The Art of Bicycle Maintenance

Our resident bike man, Marc Forster-Pert, gives us some tips on basic repairs and bike maintenance. Translations by Hoa Le. Photos by Francis Roux


The Chain


In a nutshell: A happy chain is a happy bike. You can clean it without getting your hands dirty or having to take the chain off. Do this about once a month.

What’s needed: A stiff wire brush, degreaser, chain lube, a rag, paper towel

Step One

1) Turn bike upside down and apply degreaser to the whole chain, rear cog/cassette/freewheel and chainring.

Step Two

2) Turn the pedals with your hands and make sure the chain completes two or three revolutions.

Step Three

3) With your wire brush, give the chain a good scrub, securing the chain with a rag so as not to get your hands dirty. Then revolve the chain as in step one, applying the brush first on top of the chain and then on the bottom.

Step Four

4) Clean with your rag repeating the chain revolution. Use your rag to wipe off the dirt around the chainring and rear cog.

Step Five

5) Apply chain lube to rear cog and chainring and repeat revolution process, making sure chain has been greased with the lube.

Step Six

6) Leave for five or so minutes, then wipe clean with a paper towel using the revolution method in previous steps. You’re now ready to roll.


The Brakes


In a nutshell: You need these to stop so it’s always worth getting them checked by a mechanic if you’re unsure. But, with one simple tool, you can have your brakes tightened in minutes. Advice below is for standard caliper brakes which you’ll see on most Vietnamese bikes.

What’s needed: An adjustable spanner (also known as a wrench)

 Step One

1) You’ll be able to see the cable that connects the brake lever with the brake caliper. Loosen the bottommost bolt to release the cable. 

 Step Two

2) Then squeeze the two parts of the caliper together to get the right tightness. The wheel should be able to pass freely without touching the pads. You want about half a centimetre gap between pads and the rim.

 Step Three

3) Once you have it in position, hold the caliper in place and use your hand to pull the cable fully though and re-tighten the bolt.

 Step Four

4) Check that the wheel runs freely. Press the brakes and test tightness. Make sure the pads touch the bottom half of the rim. 


A Puncture


In a nutshell: This is a common problem which can easily be fixed with your own hands.

What’s needed: A basic puncture repair kit, tyre levers, a small adjustable wrench, a pen and pump.

 Step One

1) Whoops! That’s a puncture, alright. First, use your small adjustable wrench to loosen the bolts of the wheel that attach it to the frame.

 Step Two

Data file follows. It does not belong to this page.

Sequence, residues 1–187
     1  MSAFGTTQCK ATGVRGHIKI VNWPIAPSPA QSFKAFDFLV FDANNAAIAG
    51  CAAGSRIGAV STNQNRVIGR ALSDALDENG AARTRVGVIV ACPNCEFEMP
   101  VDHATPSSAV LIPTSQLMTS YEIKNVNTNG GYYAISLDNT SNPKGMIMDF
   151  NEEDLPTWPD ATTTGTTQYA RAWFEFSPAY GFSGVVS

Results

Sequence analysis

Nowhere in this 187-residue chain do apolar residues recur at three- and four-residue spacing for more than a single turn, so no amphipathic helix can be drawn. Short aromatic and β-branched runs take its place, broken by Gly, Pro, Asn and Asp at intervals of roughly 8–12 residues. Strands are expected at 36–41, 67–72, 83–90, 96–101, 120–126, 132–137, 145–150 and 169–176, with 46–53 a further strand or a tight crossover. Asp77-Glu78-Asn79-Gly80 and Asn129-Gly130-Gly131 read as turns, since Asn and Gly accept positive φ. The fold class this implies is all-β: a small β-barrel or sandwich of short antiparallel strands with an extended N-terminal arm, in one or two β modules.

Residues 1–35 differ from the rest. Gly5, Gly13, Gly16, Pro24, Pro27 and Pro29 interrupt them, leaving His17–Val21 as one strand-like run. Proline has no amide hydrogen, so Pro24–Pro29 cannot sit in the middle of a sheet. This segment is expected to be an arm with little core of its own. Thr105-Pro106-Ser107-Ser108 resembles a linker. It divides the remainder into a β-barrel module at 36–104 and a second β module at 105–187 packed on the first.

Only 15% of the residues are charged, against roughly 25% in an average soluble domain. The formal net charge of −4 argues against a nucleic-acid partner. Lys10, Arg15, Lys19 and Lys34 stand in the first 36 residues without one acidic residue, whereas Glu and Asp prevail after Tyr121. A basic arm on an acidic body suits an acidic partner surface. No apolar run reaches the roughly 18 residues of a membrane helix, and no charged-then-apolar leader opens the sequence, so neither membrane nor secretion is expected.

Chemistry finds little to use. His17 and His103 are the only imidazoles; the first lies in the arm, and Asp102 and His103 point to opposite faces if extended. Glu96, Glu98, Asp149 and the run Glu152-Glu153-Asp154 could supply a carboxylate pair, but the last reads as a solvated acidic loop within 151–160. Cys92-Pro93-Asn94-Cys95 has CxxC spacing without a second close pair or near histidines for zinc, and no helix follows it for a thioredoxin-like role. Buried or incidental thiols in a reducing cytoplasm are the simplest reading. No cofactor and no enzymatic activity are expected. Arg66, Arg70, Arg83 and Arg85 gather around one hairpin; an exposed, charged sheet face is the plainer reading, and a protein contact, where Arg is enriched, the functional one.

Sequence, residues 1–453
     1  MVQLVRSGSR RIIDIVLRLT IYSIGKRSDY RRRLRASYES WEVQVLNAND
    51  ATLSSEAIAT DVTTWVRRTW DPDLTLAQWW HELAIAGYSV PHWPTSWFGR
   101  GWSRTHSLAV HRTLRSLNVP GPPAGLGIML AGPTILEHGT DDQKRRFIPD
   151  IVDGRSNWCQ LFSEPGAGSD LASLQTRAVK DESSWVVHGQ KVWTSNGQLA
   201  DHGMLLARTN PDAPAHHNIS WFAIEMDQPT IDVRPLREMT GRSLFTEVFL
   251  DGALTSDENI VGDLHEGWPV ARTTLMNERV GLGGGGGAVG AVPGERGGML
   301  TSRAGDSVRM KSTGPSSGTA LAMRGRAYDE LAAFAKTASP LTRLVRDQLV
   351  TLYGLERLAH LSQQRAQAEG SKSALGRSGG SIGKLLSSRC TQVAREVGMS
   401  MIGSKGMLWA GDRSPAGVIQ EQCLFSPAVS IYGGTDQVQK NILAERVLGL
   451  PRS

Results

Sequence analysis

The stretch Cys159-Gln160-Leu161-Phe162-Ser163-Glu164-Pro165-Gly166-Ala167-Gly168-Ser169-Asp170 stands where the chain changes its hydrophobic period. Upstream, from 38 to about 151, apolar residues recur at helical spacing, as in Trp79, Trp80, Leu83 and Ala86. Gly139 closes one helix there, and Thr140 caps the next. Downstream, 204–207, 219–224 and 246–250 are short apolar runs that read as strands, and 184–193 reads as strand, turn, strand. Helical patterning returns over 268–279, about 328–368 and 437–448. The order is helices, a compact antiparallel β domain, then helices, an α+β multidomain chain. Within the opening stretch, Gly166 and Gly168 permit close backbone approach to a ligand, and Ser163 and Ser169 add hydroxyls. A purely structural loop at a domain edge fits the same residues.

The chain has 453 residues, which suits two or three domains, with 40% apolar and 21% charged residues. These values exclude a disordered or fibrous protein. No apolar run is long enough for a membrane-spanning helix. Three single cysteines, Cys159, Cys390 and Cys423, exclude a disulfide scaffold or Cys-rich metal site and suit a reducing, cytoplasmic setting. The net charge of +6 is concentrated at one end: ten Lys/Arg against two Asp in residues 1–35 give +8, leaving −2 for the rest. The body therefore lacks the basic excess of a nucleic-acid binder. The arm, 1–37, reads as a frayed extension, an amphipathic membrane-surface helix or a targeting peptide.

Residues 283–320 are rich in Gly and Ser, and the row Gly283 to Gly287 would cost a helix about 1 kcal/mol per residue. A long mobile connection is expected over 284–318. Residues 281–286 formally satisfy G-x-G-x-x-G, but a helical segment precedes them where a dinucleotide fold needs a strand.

2) Insert a tyre lever into one part of the tyre and another a little further on. Gently, coax the tyre from the rim and remove.

 Step Three

3) Unscrew the nut that holds the valve in place.

 Step Four

4) Remove inner tube, pump up and listen for air to identify the puncture. Once identified, mark with a pen and release the air by pressing a release valve.

 Step Five

5) Use the metal tool to rub down the area and apply a liberal amount of glue to the area (enough to cover the area of the patch). Wait two minutes.

 Step Six

6) Apply the patch onto the glued area, press it down hard and make sure the edges are sealed. Wait five minutes or so until the patch has completely dried.

 Step Seven

7) Pump up the tube a little. Replace the tyre, leaving it half on and half off the rim. With the wheel lying on the floor, insert the inner tube valve into its hole and screw the nut back on.

 Step Eight

8) Then, with the inner tube housed within the tyre, stand the wheel up and use your thumbs to work the tyre fully into place on the rim.

 Step Nine

9) Finally, rotate the wheel, giving the tyre a tug to make sure everything is in place. Pump up, replace on the frame and make sure the bolts are tight in place with the wheel centred in the middle of the bike.


Tip: On a single-speed bike, make sure the chain is tight with little movement if you squeeze it.

Pull the wheel further back if it’s too loose.


Say it in Vietnamese


Here are some translations for when you get into trouble on the road:

Where is the nearest bike mechanic? Chỗ sửa xe gần nhất ở đâu?


I have a problem with my bike. Xe của tôi bị hỏng


I have a puncture. Tôi bị thủng lốp

I need a puncture repair kit. Tôi cần phụ tùng sửa xe bị thủng lốp

Can I borrow your pump? Cho tôi mượn cái bơm được không?

The brakes are loose/need tightening. Phanh bị lỏng/cần vặn chặt hơn

There’s a problem with the gears. Số của xe này có vấn đề

I need a new chain. Tôi cần xích mới

How much will that be? Hết bao nhiêu tiền?

When will it be ready? Khi nào anh sửa xong?



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